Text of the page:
Among the other structural issues is voters who refuse to declare their support or simply lie to the researchers. In fact, this has been a major challenge across the world, even when the surveys assure anonymity. Exit polls assume that voters are honest during the interviews but this is not always true. Many lie and socially oppressed communities feel safer when keeping their choices to themselves. Because these surveys are conducted just outside polling stations, respondents often give socially acceptable answers rather than reveal their actual preference.

This brings us to the margin of error, which is usually 1% to 3%. In tight contests in India, the vote share difference is sometimes less than 1%. In such cases, the margin can throw projections wildly off the mark.

Human error only adds to the mess. Data gatherers may select polling booths easy to get to rather than the ones needed for accuracy, thus skewing results.

Usually, historical data is part of the projection mix. However, societal and demographic changes may have rendered it irrelevant.

We don’t have comprehensive caste and socioeconomic data either. The last caste census was conducted in 1934 and this government has been reluctant to conduct another one. This makes it tough to understand caste dynamics and how they affect the results.

Importantly, exit polls often inadequately represent women in their samples. While they constitute half the electorate, typically they comprise only 25% to 30% of the sample. This flaw is compounded if the constituency has more women voters than men. Here, the projection would be even more skewed.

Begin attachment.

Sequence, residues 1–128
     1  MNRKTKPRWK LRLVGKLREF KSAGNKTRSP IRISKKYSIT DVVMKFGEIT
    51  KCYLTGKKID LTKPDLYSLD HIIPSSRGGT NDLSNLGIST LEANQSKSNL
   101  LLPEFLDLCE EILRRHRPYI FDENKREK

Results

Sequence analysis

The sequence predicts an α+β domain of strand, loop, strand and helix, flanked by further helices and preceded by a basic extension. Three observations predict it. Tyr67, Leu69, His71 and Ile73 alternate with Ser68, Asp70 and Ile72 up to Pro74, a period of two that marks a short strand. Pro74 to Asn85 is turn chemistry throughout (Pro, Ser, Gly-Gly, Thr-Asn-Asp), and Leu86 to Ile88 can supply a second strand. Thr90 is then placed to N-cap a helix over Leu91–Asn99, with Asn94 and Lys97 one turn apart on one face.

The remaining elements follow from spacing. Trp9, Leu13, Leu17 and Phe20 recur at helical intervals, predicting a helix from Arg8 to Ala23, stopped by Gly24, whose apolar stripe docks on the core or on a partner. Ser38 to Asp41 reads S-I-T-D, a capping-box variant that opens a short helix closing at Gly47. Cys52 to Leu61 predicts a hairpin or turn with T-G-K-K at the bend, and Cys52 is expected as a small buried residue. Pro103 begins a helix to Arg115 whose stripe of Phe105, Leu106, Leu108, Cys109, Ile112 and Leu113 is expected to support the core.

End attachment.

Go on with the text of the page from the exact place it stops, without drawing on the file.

Lastly, there is the persistent allegation that research firms were working for the BJP-led government. This is an allegation made by the Opposition that wants an investigation, but it’s difficult to prove. There is no evidence to support the charge but many point to the uniformity of their flawed numbers. My own sense is that the pollsters simply botched it up.

There is now a demand for a joint parliamentary committee into how the exit polls led to a stock market boom followed by the crash as the results came in. The question also is, if such polls impact people’s finances, should they be allowed at all?

Research agencies have countered all the criticism by asserting that they were not part of a rigging exercise. While they accept that they got the results wrong, they also continue to claim that their methodology was robust and open to scrutiny. Failing to predict the outcome correctly does not automatically mean they were dishonest or lacking in integrity, they say.

Incidentally, India is not the only nation where such polls go awry. There were failures in the US too in 1948 and 2016 – both Presidential elections.

In 1948, when Harry Truman defeated Thomas Dewey, the exit polls failed because of non-random sampling. In 2016, when Donald Trump beat Hillary Clinton, the exit polls were skewed due to a high non-response percentage – that is, many voters chose not to respond. Researchers in states like Michigan, Pennsylvania and Wisconsin did not spot the swing towards Trump among white blue-collar workers.

In the UK, research firms got the Brexit referendum wrong. Media reports said that only 55 of the 168 surveys predicted a leave vote.

While I don’t believe in bans, I do think that media organisations and pollsters should indulge in some soul searching to consider the purpose and usefulness of exit polls. They are unreliable and, especially in India, face several limitations. These are flawed exercises that can often cause great harm – as they did by sparking a stock market boom and crash. How is a sample-based prediction better than the actual count? And If you can’t get it right, why do it at all?

Thank you all for listening. Please visit allindiansmatter.in for more columns and audio podcasts. You can follow me on Twitter at @AshrafEngineer and @AllIndiansCount. Search for the All Indians Matter page on Facebook. On Instagram, the handle is @AllIndiansMatter. Email me at editor@allindiansmatter.in. Catch you again soon.